I love historical linguistics and the history of English doesn’t disappoint for great stories. This gritty, clawing, tenacious language has been ripped, shredded, and violated by so many other languages, but at the same time, it’s imposed similar treatment on its enemies. The result? Not only do we share a small core vocabulary with other languages in the Indo-European language family (pater-father, piscis - fish), we also consumed a number of words from our Roman overlords after Claudius’ invasion in 43 CE (portus - port, candela- candle and, interestingly, castra - camp, which is why we have place names like Manchester, Gloucester, Lancaster, etc). Then, the Germanic Anglo-Saxons brought in many of their words (cū- cow, henn - hen, scēap - sheep). The names of the days of the week mostly come from the names of pagan gods from the Anglo-Saxon world, for example, Thursday for Thor (see this article here for more on this). The Anglo-Saxons also brought many Latin words to English (even though their ancestors were never conquered by the Romans). These words usually related to commerce, such as wine from vinum, and cheese from casus. Next, the Vikings invaded and gave us words like bag, skin, and sky, before the Norman Invasion of 1066 brought a huge amount of Norman French to England. Norman French itself was a Romance language and descended from Latin (imperator - commander, princeps - prince, senior - sir). After those invasions, English began to actively steal (yes, steal) words and from the 15th century on went on a linguistic crusade during the Renaissance and appropriated Greek and Latin words (magnitude, document, etc).
Beyond the world of Eurocentric lexical appropriation, advances in technology, the sciences, political science, and the humanities by Anglophone nations have led to a staggering number of borrowing by a great many languages (despite the reluctance and futile opposition by many). This has all resulted in a huge amount of cross over with the other Germanic and Romance languages, but also a considerable familiarity with English words in languages where English has no right being (salad is shala in Chinese, for example, and business man is bijinesuman in Japanese).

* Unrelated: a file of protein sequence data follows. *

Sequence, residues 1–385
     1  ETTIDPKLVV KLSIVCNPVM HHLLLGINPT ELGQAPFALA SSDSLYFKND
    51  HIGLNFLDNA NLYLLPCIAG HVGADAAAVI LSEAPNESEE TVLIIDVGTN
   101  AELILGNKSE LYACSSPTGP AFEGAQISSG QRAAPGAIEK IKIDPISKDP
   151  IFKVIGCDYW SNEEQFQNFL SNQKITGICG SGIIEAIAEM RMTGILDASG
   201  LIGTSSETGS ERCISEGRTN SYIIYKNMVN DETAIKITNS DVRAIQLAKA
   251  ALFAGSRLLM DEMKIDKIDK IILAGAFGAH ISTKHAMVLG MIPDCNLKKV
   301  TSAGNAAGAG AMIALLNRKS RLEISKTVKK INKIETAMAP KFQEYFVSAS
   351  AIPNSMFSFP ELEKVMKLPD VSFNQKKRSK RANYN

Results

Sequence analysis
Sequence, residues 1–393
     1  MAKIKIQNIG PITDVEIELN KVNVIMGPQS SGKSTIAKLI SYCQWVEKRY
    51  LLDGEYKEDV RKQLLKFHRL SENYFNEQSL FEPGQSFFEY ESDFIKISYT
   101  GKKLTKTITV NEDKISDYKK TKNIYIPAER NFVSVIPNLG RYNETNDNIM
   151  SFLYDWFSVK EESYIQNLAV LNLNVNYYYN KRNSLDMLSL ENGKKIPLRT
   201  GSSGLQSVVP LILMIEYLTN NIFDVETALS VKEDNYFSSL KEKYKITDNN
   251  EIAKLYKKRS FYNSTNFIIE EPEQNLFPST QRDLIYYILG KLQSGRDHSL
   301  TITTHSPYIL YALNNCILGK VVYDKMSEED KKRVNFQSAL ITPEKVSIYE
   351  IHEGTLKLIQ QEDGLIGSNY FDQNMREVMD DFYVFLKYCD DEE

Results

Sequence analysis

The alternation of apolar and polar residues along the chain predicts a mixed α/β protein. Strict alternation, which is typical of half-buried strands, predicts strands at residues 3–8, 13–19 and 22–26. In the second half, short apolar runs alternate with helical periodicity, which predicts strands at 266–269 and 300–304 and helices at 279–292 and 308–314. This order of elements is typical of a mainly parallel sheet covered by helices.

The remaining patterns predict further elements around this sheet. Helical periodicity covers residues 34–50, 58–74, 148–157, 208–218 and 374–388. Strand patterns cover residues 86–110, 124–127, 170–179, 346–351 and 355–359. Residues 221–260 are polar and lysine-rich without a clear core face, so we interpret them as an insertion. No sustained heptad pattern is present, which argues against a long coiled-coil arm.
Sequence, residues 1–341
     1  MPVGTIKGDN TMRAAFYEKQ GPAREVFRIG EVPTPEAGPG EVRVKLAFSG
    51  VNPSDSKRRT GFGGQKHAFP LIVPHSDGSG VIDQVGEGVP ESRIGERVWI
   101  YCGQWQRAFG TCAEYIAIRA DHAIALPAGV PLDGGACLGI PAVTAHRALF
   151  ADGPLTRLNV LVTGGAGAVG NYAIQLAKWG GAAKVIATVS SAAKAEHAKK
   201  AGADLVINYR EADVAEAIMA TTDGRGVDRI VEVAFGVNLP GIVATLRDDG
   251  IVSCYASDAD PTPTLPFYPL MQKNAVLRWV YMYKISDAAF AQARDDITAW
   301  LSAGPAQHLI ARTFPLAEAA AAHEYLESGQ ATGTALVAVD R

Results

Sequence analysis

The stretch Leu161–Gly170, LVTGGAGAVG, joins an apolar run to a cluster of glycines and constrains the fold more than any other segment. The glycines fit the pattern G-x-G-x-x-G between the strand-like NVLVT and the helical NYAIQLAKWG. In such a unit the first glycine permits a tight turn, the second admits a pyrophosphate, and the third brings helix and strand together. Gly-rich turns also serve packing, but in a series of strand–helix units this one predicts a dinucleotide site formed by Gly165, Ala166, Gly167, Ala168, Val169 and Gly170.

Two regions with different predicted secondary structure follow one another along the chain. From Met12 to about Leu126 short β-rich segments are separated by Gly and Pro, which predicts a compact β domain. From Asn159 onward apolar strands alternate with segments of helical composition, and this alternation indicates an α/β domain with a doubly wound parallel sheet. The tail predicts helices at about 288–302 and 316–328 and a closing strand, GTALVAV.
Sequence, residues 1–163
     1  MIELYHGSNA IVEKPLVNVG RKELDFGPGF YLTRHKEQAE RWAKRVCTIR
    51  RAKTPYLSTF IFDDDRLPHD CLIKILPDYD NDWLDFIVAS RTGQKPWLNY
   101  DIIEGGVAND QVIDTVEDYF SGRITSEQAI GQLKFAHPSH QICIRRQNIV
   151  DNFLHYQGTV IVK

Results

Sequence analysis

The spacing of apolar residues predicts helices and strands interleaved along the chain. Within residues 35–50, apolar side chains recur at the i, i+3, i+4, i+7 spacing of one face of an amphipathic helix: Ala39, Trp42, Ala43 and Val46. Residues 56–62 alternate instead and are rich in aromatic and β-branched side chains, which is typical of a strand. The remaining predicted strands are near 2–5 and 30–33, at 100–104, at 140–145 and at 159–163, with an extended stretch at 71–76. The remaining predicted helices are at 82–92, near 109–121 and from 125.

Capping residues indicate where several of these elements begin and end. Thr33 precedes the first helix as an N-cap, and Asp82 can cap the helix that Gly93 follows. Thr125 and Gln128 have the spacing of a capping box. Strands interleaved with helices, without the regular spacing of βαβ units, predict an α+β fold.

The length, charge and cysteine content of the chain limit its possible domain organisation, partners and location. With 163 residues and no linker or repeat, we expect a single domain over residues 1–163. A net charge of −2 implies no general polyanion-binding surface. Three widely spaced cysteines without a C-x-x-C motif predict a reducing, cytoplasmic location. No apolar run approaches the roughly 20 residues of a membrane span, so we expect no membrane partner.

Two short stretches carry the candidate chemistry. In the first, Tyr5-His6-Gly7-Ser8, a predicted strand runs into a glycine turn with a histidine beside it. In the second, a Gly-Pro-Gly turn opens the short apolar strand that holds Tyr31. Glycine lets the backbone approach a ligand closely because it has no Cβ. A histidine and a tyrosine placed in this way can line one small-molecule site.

So, whichever language you’re coming from, there is sure to be at least some familiarity with a few English words, if not a lot.
8) English is Everywhere: It’s true, or at least it is in many European countries and East Asia (is it the same in other parts of the world? I’d love to hear in the comments section!). From street signs in Spain to novelty cups in France; from museum signs in China to T-shirts in Japan, it really isn’t hard to find English in non English-speaking countries. However, one must proceed with caution as not all English can be considered “good” English!
9) Capital letters: Granted, the same can be said with many languages, but the fact is that one of the hardest things I find with learning Chinese is that there are no capital letters indicating names. It can really throw you off if you’re reading an advanced text and you get thrown off completely by a new word that ultimately proves to be a name. In English, our names are marked clearly, so it doesn’t matter that you’ve never been to Timbuktu. It’s clearly a place.
10) Definite articles and no Gender: The red car, the red cars. The red rose, the red roses. In Spanish, you’d have to use four different words for THE in the above sentence because nouns in that language are either masculine or feminine. Also, THE must change according to number- that is, how many of the things are we talking about? One rose or two roses? In Greek, it seems there are about a million words for THE, and in Latin, Heaven forbid, there is NO ARTICLE, which makes life almost impossible for all but the most advanced readers. English laughs in the face of such complexity as it only has one definite article. Mwah ha ha.
Conclusion: There are many difficult aspects of English, but just as many qualities that make it more manageable. While no language is easy, the points above may just make life that bit easier for learners of this old Germanic tongue.
What do you think? Are the points mentioned above difficult for you as a learner? Do you find them difficult as a teacher to teach? I’d love to hear your opinions on the subject.
Please share this article if you have found it interesting!
Challenge: Can you find one thing that is easier? If you can, let us know in the comments!
*There is a fascinating resource that English has called conceptual distancing which refers to the elongation of a sentence to adjust to differing degrees of formality. For example, “Close the door!” Versus, “Would you be so kind as to close the door, please?” Obviously, these are two extremes, but they throw light on the idea nicely.
**I once read a study in a sociolinguistics journal about a call to arms by Québécois who insisted that French should drop its pronominal formal distinction. OK, they didn’t actually kill anybody, but you can see how sensitive the issue can become!